Delicious buttermilk scones with cranberries

Baked buttermilk scones with cranberries

It had been very warm for the past few days. Thankfully, it rained this morning and the air is so much cooler now. I felt the need for a warm buttermilk scone and a cup of coffee to enjoy a lovely, cool Saturday afternoon like this. However, there won’t be any scone for me.

Because hubby is away in Amsterdam for a week, I am staying over at my parents’ place till hubby returns. Unfortunately, my mom doesn’t bake. So, there is no oven in this house. No oven. No baking. No buttermilk scones. Sad.

Delicious buttermilk scones

Speaking of scones, I don’t really eat them often. However, among all the scones I have tasted so far, my favourite ones are from the Smokehouse Hotel & Restaurant in Cameron Highlands. Served with cream and jam, their scones have a buttery flavour rich enough for my taste. The texture of their scones is flaky yet moist. Savouring those scones in a colourful garden of an English-style cottage, sipping a cup of hot English tea, and breathing in the freshness of highland air – isn’t that one of the best moments in life? πŸ˜€ (I am an easily satisfied person, you see.)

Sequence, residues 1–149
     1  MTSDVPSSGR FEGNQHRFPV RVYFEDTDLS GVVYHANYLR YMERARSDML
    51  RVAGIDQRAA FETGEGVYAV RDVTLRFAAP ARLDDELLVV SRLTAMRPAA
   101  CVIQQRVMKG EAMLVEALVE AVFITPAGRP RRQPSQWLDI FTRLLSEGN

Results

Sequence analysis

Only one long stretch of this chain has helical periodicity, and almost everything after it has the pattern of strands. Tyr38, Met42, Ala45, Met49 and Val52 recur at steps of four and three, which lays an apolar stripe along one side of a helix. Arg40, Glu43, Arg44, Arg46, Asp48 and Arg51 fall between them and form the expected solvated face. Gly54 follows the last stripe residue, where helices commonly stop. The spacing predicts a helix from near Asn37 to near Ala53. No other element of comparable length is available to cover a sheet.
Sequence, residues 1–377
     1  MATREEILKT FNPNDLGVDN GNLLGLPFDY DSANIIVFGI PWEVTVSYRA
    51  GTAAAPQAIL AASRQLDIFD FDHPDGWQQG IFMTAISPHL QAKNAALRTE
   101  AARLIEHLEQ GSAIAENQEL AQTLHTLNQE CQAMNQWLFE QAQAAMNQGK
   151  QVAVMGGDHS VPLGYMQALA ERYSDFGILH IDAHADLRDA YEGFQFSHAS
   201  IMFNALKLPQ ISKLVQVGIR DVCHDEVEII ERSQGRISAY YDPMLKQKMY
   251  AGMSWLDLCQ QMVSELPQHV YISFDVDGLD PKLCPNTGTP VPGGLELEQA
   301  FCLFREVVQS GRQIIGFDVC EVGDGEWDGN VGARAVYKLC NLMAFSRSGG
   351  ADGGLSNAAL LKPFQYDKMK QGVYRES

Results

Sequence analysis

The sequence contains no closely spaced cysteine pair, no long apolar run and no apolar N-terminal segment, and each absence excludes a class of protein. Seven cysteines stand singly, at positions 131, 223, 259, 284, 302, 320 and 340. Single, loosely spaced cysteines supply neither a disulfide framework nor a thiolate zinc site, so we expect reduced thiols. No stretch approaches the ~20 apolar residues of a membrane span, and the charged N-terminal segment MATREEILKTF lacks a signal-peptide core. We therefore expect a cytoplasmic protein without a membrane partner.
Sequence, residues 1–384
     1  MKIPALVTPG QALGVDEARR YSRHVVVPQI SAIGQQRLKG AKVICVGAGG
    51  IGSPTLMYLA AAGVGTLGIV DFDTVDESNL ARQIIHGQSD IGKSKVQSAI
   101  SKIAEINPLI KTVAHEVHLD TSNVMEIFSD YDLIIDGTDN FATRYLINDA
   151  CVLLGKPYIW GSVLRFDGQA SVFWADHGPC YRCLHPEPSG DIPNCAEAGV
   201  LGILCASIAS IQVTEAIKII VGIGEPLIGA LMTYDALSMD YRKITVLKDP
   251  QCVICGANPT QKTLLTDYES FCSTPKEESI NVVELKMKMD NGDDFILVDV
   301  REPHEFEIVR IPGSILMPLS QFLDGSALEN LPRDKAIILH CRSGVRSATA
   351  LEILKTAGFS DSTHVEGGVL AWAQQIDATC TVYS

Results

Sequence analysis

I am really glad that I found this buttermilk scone recipe from the Internet. I don’t know if it is the best scone recipe, but I think I can keep to this recipe for use in the future. I made a batch of it two weeks ago, and I was very delighted to see that my scones raised well and had that characteristic crack at the center around the edge. I had tried another recipe and method from my pastry school, but the scones didn’t turn out the way I like (although they were tasty, too).